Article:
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The STARS Multi-state Peer Mentoring Partnership

Award Information

Award #
2020-JU-FX-0033
Location
Congressional District
Status
Closed
Funding First Awarded
2020
Total funding (to date)
$2,000,000

Description of original award (Fiscal Year 2020, $2,000,000)

The Mentoring Opportunities for Youth Initiative, Category 2 (Multi-State Mentoring Program) provides funding to support mentoring organizations in their efforts to strengthen and/or expand their existing mentoring activities within local chapters or sub-awardees (in at least 5 states but fewer than 45 states) to reduce juvenile delinquency, drug abuse (specifically opioid abuse), truancy, and other problem and high-risk behaviors. FY 2020 funding will address the factors that can lead to or serve as a catalyst for delinquency or other problem behaviors in underserved youth, including youth in high-risk environments. Programs are encouraged to target their mentoring services to children of parents on active military duty; children of incarcerated parents; youth with opioid/substance abuse problems; youth that experience bullying (including cyberbullying); and youth in rural communities. This program is authorized and funded pursuant to Pub. L. No. 116-93, 133 Stat. 2317, 2410. FRIENDS FIRSTs STARS Peer Mentoring Partnership (STARSP) will ensure that 1,050 (350 per year) youth across 5 states are empowered to make positive choices and learn the protective factors and skills needed to avoid involvement in bullying/cyberbullying behavior, as well as a variety of other high-risk behaviors that may lead to involvement in the juvenile justice system. The program will target a broad and diverse population of youth, including Native American youth, immigrant youth, and youth from high-poverty and/or high-minority areas. STARS uses a best-practice, evidence-informed approach to peer mentoring whereby older students are trained and supported by an adult program coordinator to facilitate a structured and youth-led set of curriculum sessions and activities. In turn, those youth mentors implement a cross-age, peer-mentoring model in a group setting, delivering a positive youth development program. To accomplish this, FRIENDS FIRST program coordinators provide the outlet, skills, training, and adult-supervised space needed for the youth mentors within the STARS program to facilitate mentoring to small groups of younger mentees (ratio 1:4). The STARS curriculum follows the Elements of Effective Practice for Mentoring outlined by National Mentor. Furthermore, FRIENDS FIRST takes a holistic approach to serving youth and thereby requires that all target schools/communities will receive wraparound services through parent education and community training events focused on cyberbullying/bullying prevention and awareness serving 300 parents/community members (100 per year). The expected outcomes of the proposed program are that at least 10 percent of mentees will gain knowledge of various coping skills and healthy outlets that are options for healthy decisions, feel that they are in control of their decisions and know how to advocate for themselves, show significant increases in peer support, see themselves as a member of a community, show increases in growth mindset, and demonstrate an increase in understanding of skills for healthy relationships. In addition, 10 percent of mentors will show increases in the five Cs of positive youth development (connection, confidence, character, competence, and contribution), show increases in the ability to practice leadership skills such as advocating for and recognizing the strengths of others, and recognize the importance of and practice skills for mental health and well-being. CA/NCF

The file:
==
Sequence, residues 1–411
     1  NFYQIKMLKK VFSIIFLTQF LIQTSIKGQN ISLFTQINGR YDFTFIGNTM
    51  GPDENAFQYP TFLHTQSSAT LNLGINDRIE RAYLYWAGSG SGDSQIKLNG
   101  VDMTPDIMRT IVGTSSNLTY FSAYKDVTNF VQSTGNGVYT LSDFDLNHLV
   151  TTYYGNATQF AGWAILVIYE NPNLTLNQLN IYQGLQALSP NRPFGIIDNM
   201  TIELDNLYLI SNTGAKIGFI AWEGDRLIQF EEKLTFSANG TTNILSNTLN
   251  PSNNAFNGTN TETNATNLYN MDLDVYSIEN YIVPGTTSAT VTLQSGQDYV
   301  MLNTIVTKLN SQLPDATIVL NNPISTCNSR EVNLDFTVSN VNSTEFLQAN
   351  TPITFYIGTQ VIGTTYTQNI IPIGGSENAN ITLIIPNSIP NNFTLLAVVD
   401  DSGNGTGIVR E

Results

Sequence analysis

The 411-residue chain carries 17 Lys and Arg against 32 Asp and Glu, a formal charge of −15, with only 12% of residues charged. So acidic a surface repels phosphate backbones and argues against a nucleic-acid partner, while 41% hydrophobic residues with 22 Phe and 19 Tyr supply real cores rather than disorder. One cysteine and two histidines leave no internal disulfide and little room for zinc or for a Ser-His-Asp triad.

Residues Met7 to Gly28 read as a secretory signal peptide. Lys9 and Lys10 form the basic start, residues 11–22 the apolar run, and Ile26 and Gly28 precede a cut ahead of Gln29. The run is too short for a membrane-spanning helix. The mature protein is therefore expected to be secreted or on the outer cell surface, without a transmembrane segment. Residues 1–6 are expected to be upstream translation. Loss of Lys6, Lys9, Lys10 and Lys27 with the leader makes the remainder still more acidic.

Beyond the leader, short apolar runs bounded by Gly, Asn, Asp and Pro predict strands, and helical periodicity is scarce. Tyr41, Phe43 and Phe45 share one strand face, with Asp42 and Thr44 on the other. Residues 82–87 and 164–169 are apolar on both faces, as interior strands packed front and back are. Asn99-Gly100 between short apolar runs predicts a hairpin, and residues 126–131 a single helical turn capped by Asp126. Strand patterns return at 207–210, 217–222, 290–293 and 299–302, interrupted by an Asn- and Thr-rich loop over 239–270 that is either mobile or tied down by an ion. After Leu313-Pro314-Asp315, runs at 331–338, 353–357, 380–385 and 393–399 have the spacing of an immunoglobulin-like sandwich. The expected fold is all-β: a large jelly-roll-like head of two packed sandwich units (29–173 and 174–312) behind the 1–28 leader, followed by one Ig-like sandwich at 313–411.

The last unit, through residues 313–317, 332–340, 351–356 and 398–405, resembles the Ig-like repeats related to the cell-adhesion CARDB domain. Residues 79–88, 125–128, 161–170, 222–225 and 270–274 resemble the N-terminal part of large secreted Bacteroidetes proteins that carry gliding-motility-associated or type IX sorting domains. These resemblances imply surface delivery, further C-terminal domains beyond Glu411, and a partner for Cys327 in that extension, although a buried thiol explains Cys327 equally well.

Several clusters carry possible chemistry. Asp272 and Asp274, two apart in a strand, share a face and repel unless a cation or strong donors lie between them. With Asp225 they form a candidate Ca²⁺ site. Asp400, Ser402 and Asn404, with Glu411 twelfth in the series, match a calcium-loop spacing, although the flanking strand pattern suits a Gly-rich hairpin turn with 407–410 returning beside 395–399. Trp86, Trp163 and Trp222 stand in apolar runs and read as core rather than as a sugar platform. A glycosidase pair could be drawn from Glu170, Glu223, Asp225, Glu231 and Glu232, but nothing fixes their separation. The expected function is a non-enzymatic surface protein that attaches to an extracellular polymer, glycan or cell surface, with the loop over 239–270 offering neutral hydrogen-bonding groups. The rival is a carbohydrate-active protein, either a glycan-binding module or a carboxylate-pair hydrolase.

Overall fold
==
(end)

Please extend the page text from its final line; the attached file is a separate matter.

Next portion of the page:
Date Created: October 22, 2020